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Re: Alternatives to containers/collections (was Re: Requirements for a possible "RDF 2.0")

From: Frank Manola <fmanola@acm.org>
Date: Thu, 14 Jan 2010 16:49:56 -0500
Message-id: <46DE9CF1-B561-4F1A-967F-966ABA30586C@acm.org>
Cc: Semantic Web <semantic-web@w3.org>
To: Pat Hayes <phayes@ihmc.us>

On Jan 14, 2010, at 3:19 PM, Pat Hayes wrote:

> On Jan 14, 2010, at 11:31 AM, Dan Brickley wrote:
>> On Thu, Jan 14, 2010 at 4:20 PM, Pat Hayes <phayes@ihmc.us> wrote:
>>> A lot, perhaps all, of this hair could be avoided if RDF allowed general
>>> tuples as well as triples. All that is needed is some way to put N things
>>> into a sequence: so, put N things into a sequence. The 'graph model' would
>>> be a hyperlink, drawn as a polygon (eg triangle for N=3) rather than a line.
>>> In triples-style syntax, it would just be moving a dot.
>> I periodically wonder what an RDF without the binary restriction would
>> look like.
> My 2c suggestions, as answers to the questions.
>> Would each property/relation have a fixed arity, eg. dc:source might
>> 'be a 4', 'foaf:knows' a 7?
> No. But it might be useful to distinguish 'really binary' ones, which only fit in triples, from the others, which can take any number of things in the sequence. Or maybe not, whatever. But the default should be, any number (even though most of them will be 2 in practice, ie triples.)
>> That doesn't make a lot of sense to me. So
>> presumably they'd vary freely. In which case, we have a lot of
>> figuring out to do when wondering whether   livesWith(alice, bob,
>> 2007, 'y') implies livesWith(alice,bob) or livesWith(alice, bob, 'y',
>> 'foo.html'). The binary straightjacket makes some of these questions
>> impossible, albeit maddeningly...
> The Common Logic answer is very puritan: each number of arguments is a separate assertion, and they are all independent (unless you write axioms connecting them.) So liveswith(a b c) has nothing to do with liveswith(a b) or with liveswith(a b c d), etc., as far as the logic itself is concerned.  This is actually quite elegant and works well WHEN you can write the axioms you might need. So maybe we would need, for RDF, some way to attach some common inference patterns to these by giving properties to the property of the tuple. For example, one useful and common pattern allows ends of argument lists to be lopped off, so that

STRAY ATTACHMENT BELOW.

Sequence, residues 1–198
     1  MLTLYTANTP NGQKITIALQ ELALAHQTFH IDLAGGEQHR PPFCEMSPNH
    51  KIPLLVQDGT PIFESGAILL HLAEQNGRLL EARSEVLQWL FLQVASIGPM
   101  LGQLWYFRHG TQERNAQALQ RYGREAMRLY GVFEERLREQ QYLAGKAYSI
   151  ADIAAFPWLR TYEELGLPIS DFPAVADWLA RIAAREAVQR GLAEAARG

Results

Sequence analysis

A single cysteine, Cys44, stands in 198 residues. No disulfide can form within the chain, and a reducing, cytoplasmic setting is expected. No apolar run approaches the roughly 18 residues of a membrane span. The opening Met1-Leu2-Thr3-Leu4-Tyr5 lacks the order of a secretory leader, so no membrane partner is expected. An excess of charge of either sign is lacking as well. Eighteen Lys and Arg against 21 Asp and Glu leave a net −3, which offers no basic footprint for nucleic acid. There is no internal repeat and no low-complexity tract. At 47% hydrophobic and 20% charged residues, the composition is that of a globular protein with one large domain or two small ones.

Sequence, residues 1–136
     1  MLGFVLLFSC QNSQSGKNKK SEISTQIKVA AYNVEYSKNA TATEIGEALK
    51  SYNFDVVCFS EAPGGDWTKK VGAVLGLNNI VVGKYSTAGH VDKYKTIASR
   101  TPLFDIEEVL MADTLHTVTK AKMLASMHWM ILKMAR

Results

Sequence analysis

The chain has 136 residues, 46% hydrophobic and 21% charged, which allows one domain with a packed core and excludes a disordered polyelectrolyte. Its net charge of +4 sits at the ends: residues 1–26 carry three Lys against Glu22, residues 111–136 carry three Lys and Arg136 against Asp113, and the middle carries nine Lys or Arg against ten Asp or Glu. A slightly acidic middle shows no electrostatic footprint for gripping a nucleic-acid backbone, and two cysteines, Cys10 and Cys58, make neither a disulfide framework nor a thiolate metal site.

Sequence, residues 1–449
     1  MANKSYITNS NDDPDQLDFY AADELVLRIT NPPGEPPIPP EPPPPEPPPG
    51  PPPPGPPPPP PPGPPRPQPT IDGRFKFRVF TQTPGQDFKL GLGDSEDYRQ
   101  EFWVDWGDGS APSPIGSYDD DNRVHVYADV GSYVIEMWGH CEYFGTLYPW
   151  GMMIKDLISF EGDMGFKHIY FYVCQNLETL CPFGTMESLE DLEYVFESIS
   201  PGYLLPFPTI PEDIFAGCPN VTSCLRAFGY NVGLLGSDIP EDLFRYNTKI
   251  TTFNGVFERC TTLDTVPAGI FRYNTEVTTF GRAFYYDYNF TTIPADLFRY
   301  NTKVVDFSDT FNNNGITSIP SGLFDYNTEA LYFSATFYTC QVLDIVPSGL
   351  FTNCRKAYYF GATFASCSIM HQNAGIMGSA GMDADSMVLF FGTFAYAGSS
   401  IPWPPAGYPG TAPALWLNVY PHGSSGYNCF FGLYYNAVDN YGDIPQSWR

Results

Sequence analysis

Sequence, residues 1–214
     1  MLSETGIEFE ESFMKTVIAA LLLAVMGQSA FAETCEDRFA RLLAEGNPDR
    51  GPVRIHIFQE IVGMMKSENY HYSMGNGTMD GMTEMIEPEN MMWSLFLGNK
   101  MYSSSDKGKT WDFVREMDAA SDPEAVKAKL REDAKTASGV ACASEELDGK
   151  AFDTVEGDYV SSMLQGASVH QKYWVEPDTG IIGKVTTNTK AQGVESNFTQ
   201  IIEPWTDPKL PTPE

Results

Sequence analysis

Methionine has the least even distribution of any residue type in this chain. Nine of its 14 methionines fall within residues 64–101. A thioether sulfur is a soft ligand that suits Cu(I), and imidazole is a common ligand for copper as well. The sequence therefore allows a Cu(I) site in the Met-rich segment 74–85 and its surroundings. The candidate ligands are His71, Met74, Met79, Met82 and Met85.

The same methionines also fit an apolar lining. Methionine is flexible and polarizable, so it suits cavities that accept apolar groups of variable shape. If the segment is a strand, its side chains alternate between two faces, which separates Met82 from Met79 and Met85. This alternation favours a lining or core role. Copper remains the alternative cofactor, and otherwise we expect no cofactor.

> liveswith(alice, bob, <address>, <maritalstatus>)
> entails
> liveswith(alice, bob)
> and we might specify this pattern (in a semantically extended RDF) by asserting
> liveswith rdf:type rdf:ExtendableProperty .
> But this is very much off the top of my head. Whaddayathink?


Could you carry this Common Logic example a bit further?  Suppose we have the tuple

liveswith(alice, bob, "4255 18th Street NW, Washington, DC", "married")

In the relational data model, I might have declared the relation "liveswith" as having columns "wifename", "husbandname", "address", and "maritalstatus", so I know how to interpret the various arguments of the tuple.  But how do I make this association (e.g., between the third argument of the tuple and "address") if I encounter this  tuple "in the wild" of the semantic web?  How does Common Logic deal with this?  This may be a confession of ignorance of something really basic, but this issue, to me, was always one of the reasons for favoring a purely binary approach.  You always knew what the various parts of the triple signified, without having to go off and find some other declaration somewhere.  

Received on Thursday, 14 January 2010 21:50:34 UTC

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